message 17: by Brad (new)

Brad Hmm...interesting, Sparrow. I've never seen it as "sheath" until Hunger Games, and when I went to check myself to make sure I wasn't delusional I simply went to my dictionary, found confirmation of what I "knew" and didn't look any further. I wonder if "sheath" is a more modern usage to replace "quiver" amongst archers.

I am going to have to leave up my complaint, though. Otherwise people will never understand all the discussion of it down here in the comments.


message 18: by Sparrow (new)

Sparrow haha, that sounds good. Yeah, I saw quiver, too. My impression was that sheath is just a broader term for something into which you put things (twss?), and quiver only applies to arrows? I will have to become an archer and then let you in on the lingo.


message 19: by Brad (new)

Brad :) Sounds good. Hey, if my course happens can I use parts of your review in class?


message 20: by Sparrow (new)

Sparrow Of course! That would be so cool!


message 21: by Angrymog (new)

Angrymog It's not a sheaf. It's a quiver.


message 22: by Brad (new)

Brad A quiver is what the sheaf of arrows would be carried in, so yes you're right, Angrymog, it should be a quiver rather than sheath.


message 23: by Robert (new)

Robert "Quiver" is used exactly once in the book.


message 24: by K.D.G (new)

K.D.G Great review Brad. I agree completely with the point you made about the Mockingjays and Tracker Jackers. You should definitely watch the movie and see how they have interpreted them visually.


message 25: by Hailey (new)

Hailey Sechrist I think the movie is grate if u don't think so keep it to ur self


message 26: by Brad (new)

Brad I think my opinion is great, Hailey. If you don't think so keep it to yourself ;)


message 27: by Molly (new)

Molly I'm an archer, it's a sheath. I don't know if I'm missing something and were talking about two different things, but from what I know, it's a sheath. The Hunger Games is my favorite book! The movies alright...oh, you should definitely finish the series, it's really good! One more thing, I'm 11, please, when your writing reviews, try not to swear as much, okay? (:)


message 28: by Sparrow (last edited Jan 13, 2013 10:52AM) (new)

Sparrow Ohh, your bunny is so cute, even though I'm not a bunny person at all!

Have you thought about setting your profile to private, Molly? It's totally none of my business, but sometimes that seems safer for kids and teenagers.

We all just swear so much because we're crotchety.


message 29: by Brad (last edited Jan 13, 2013 02:22PM) (new)

Brad Molly wrote: "I'm an archer, it's a sheath. I don't know if I'm missing something and were talking about two different things, but from what I know, it's a sheath. The Hunger Games is my favorite book! The movie..."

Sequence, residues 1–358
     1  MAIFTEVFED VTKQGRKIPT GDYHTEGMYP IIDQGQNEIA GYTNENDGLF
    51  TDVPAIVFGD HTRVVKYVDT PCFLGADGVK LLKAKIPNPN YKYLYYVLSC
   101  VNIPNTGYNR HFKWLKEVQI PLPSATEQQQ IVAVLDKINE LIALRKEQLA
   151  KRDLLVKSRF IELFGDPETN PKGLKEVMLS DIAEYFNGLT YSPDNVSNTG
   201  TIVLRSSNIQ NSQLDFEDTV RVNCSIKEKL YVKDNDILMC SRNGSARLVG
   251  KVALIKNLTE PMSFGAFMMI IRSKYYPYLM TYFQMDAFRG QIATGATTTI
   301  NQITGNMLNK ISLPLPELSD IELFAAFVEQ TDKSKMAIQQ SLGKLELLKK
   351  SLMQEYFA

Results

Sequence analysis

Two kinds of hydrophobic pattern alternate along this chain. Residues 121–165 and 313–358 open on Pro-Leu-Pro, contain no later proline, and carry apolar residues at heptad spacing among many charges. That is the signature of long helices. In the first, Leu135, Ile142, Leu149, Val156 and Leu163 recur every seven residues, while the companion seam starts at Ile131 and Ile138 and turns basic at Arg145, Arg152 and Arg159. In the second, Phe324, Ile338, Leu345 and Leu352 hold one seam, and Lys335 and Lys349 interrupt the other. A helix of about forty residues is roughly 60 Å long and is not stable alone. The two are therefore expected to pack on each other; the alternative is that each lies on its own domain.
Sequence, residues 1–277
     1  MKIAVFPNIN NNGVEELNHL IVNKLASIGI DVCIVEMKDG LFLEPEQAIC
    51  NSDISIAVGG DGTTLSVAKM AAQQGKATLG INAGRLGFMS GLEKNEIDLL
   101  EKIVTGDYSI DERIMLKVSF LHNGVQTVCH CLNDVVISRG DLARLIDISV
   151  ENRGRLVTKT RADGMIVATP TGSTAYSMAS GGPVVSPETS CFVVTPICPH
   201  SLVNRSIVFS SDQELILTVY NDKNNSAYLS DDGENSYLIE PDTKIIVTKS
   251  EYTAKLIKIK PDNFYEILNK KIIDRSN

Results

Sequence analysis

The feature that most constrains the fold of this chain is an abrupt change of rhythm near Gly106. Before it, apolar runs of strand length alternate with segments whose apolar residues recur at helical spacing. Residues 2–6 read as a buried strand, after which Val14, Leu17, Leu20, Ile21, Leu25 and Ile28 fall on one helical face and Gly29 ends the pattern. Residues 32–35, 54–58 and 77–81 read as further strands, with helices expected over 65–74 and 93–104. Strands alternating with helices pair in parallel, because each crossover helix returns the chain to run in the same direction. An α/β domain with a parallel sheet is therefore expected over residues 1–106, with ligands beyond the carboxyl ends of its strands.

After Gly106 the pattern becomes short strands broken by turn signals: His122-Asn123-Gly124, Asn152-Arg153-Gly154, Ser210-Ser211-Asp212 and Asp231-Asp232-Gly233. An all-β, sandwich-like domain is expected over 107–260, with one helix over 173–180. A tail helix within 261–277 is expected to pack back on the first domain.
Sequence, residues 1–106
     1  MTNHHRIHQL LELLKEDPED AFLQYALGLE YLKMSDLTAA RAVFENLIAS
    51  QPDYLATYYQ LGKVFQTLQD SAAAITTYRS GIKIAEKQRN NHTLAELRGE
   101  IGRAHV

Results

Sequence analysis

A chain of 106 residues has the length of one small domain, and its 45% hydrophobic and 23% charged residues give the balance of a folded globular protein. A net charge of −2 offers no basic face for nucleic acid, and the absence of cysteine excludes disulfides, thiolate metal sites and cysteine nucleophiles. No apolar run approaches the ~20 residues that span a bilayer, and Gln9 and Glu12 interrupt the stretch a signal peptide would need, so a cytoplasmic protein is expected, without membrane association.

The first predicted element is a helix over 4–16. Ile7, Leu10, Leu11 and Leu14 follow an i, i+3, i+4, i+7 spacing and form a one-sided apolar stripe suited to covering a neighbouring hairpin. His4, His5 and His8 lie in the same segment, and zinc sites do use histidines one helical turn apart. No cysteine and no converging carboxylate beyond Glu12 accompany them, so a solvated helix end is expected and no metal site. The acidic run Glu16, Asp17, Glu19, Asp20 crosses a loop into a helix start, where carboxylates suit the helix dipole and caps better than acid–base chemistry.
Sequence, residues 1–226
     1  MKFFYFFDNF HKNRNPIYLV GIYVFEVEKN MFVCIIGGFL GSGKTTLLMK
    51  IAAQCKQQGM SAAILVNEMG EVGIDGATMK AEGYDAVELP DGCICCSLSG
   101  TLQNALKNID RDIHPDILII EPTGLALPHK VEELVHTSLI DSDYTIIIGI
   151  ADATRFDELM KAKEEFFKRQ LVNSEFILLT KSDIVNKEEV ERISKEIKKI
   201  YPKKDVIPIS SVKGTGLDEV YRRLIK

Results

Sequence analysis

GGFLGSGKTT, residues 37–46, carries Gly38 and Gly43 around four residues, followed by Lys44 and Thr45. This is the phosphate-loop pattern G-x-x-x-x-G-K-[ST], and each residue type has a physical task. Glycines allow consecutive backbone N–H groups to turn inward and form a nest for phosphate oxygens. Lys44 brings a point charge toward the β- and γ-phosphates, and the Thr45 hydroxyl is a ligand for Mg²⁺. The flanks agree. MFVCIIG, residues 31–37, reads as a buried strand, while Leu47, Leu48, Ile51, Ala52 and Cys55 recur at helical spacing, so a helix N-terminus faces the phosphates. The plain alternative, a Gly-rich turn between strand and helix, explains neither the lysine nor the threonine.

Hi Molly, thanks for the information about "sheath." Perhaps it is because I grew up in Canada and have spent my life studying literature from the British Isles that I was so bothered by "sheath." This is just a guess on my part, but the United States has tended to make errors in the words they adopt that later become the American standard, such as "titbit" becoming "tidbit" and "pom-pon" becoming "pom-pom." If this is why "sheath" is now acceptable, then it remains an error that should really be corrected by any author worth their salt. If it isn't for this reason, though, if it is for some technical reason, then I understand its usage. And knowing that it is the current standard for archers, as you've pointed out, does mitigate my feelings, somewhat.

I think I will finish it, Molly. I'm not sure when, but I will. My daughter will probably make me.

Unfortunately, though (and I must be honest about this), I will not be cutting back on my swearing. It's who I am and how I write, and I am of the mind that apart from annoying some people and/or coming into conflict with their personal feelings, swearing has no negative effects. I used to put warnings on my reviews about my swearing, though, so because of your concerns I will start doing so again.

We are, indeed, crotchety, aren't we Sparrow?


message 30: by Sparrow (new)

Sparrow Indeed, we are.


message 31: by Molly (new)

Molly Thanks for the comment on my bunny Sparrow! His name is Thumper, and he's 5 months old as of tomorrow! I guess I was a little harsh about the swearing thing, I grew up on a household that absolutely forbids it. I'm in middle school, so I should be used to it by now...


message 32: by Sparrow (new)

Sparrow What a good name for a bunny!

I think you have a few years before you need to get used to swearing.